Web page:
After proceeding a few steps farther, he cried out again with a loud voice: “O Brother Leo, thou little lamb of God! if the Friars Minor could speak with the tongues of angels; if they could explain the course of the stars; if they knew the virtues of all plants; if all the treasures of the earth were revealed to them; if they were acquainted with the various qualities of all birds, of all fish, of all animals, of men, of trees, of stones, of roots, and of waters – write that this would not be perfect joy.”

Shortly after, he cried out again: “O Brother Leo, if the Friars Minor had the gift of preaching so as to convert all infidels to the faith of Christ, write that this would not be perfect joy.”

Now when this manner of discourse had lasted for the space of two miles, Brother Leo wondered much within himself; and, questioning the saint, he said: “Father, I pray, teach me where is perfect joy?” St Francis answered: “If, when we shall arrive at St Mary of the Angels, all drenched with rain and trembling with cold, all covered with mud and exhausted from hunger; if, when we knock at the convent-gate, the porter should come angrily and ask us who we are; if, after we have told him, ‘We are two of the brethren’, he should answer angrily, ‘What you say is not the truth; you are but two impostors going about to deceive the world, and take away the alms of the poor; begone I say’; if then he refuse to open to us, and leave us outside, exposed to the snow and rain, suffering from cold and hunger till nightfall – then, if we accept such injustice, such cruelty and such contempt with patience, without being ruffled and without murmuring, believing with humility and charity that the porter really knows us, and that it is God who makes him to speak thus against us, write down, O Brother Leo, that this is perfect joy.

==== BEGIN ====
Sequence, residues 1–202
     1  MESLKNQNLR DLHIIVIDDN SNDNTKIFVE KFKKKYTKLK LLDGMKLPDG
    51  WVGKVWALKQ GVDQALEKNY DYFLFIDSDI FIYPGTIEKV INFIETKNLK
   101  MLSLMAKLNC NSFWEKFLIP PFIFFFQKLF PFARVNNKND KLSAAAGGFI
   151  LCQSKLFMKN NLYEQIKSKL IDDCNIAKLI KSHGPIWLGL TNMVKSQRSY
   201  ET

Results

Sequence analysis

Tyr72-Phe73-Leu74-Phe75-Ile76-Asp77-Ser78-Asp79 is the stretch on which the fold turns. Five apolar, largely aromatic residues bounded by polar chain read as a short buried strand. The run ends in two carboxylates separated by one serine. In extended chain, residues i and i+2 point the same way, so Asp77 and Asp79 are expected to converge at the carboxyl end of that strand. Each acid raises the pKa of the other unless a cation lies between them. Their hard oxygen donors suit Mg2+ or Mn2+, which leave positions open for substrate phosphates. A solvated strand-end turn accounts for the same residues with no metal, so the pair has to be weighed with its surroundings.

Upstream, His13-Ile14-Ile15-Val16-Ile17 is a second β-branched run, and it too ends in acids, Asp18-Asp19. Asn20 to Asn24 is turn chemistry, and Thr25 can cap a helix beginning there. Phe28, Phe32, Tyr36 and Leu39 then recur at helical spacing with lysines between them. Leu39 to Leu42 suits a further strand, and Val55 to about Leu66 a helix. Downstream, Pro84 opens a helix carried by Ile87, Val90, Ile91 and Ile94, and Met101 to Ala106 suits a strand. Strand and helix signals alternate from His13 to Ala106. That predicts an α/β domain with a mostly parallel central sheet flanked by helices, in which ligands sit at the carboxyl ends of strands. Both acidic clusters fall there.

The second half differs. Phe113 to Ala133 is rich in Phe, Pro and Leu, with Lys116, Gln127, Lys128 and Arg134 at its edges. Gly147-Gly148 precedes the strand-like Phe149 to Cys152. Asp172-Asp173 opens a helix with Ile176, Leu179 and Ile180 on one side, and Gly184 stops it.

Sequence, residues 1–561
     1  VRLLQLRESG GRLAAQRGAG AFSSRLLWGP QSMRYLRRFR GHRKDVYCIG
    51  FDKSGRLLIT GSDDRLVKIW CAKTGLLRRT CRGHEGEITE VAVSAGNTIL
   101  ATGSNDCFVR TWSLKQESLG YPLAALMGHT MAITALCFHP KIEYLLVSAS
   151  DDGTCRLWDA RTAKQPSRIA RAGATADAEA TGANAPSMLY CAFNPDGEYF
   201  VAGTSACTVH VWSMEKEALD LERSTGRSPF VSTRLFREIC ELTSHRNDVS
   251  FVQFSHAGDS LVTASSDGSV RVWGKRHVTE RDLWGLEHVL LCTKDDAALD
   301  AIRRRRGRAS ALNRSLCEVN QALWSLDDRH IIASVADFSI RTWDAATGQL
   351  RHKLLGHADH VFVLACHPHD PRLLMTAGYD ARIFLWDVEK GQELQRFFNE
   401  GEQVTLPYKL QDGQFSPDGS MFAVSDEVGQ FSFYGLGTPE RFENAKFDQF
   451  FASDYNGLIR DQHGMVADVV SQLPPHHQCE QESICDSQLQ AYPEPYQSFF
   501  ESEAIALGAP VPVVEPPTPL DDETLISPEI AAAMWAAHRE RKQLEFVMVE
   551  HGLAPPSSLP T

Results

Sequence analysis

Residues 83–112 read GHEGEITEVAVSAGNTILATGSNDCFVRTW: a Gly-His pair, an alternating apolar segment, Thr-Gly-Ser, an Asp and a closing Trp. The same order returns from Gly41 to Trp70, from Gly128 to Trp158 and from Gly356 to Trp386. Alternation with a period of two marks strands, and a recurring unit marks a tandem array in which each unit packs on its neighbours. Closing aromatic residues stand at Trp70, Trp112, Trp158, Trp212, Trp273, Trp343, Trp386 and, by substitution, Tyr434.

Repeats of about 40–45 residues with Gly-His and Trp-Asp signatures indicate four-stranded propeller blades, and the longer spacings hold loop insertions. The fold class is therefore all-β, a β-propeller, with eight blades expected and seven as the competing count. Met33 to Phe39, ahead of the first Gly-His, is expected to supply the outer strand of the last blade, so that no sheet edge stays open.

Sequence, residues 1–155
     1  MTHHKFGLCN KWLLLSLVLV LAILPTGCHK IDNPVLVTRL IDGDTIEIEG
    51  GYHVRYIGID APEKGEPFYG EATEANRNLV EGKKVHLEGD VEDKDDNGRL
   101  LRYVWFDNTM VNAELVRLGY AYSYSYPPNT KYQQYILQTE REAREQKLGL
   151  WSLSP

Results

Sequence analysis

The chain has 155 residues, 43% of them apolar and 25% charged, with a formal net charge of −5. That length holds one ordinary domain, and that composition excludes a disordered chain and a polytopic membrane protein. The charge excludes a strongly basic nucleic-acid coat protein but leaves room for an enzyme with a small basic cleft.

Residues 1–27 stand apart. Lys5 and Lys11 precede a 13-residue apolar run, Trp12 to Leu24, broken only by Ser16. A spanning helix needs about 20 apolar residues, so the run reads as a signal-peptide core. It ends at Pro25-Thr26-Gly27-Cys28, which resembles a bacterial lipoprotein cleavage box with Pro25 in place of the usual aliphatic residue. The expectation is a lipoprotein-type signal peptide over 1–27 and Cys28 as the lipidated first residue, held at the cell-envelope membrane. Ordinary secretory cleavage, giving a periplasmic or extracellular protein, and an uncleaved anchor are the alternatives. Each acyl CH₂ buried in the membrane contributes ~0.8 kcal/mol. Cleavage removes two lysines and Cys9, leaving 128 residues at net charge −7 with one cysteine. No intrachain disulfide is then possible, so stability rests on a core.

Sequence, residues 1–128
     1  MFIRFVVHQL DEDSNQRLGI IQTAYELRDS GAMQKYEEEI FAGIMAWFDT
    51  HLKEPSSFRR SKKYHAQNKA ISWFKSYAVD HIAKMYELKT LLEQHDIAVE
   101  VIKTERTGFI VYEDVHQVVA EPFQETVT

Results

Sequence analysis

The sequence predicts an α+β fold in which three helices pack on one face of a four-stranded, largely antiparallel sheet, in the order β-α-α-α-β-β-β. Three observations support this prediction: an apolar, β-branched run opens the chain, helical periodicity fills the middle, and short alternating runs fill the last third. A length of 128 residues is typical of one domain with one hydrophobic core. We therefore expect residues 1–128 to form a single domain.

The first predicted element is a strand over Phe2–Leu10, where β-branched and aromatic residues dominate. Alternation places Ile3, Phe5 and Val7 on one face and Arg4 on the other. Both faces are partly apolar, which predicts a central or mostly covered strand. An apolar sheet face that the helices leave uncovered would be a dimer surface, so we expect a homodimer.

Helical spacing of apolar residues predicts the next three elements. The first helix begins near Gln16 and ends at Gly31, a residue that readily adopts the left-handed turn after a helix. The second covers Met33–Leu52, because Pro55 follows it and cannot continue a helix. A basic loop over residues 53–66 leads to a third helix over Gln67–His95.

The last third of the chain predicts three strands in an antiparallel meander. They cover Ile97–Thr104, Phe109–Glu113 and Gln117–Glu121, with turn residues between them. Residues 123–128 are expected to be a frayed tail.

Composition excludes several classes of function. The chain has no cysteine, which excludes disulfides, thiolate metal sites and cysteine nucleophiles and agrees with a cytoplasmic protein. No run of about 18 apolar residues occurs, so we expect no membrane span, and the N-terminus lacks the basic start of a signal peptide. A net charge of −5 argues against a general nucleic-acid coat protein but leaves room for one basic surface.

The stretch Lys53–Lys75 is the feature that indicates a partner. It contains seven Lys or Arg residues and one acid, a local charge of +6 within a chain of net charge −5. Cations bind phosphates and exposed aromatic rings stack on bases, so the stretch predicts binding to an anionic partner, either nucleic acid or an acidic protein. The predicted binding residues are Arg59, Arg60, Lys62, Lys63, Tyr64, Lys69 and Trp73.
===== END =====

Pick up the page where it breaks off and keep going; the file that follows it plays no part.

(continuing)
And if we knock again, and the porter come out in anger to drive us away with oaths and blows, as if we were vile impostors, saying, ‘Begone, miserable robbers! to the hospital, for here you shall neither eat nor sleep!’ – and if we accept all this with patience, with joy, and with charity, O Brother Leo, write that this indeed is perfect joy. And if, urged by cold and hunger, we knock again, calling to the porter and entreating him with many tears to open to us and give us shelter, for the love of God, and if he come out more angry than before, exclaiming, ‘These are but importunate rascals, I will deal with them as they deserve’; and taking a knotted stick, he seize us by the hood, throwing us on the ground, rolling us in the snow, and shall beat and wound us with the knots in the stick – if we bear all these injuries with patience and joy, thinking of the sufferings of our Blessed Lord, which we would share out of love for him, write, O Brother Leo, that here, finally, is perfect joy.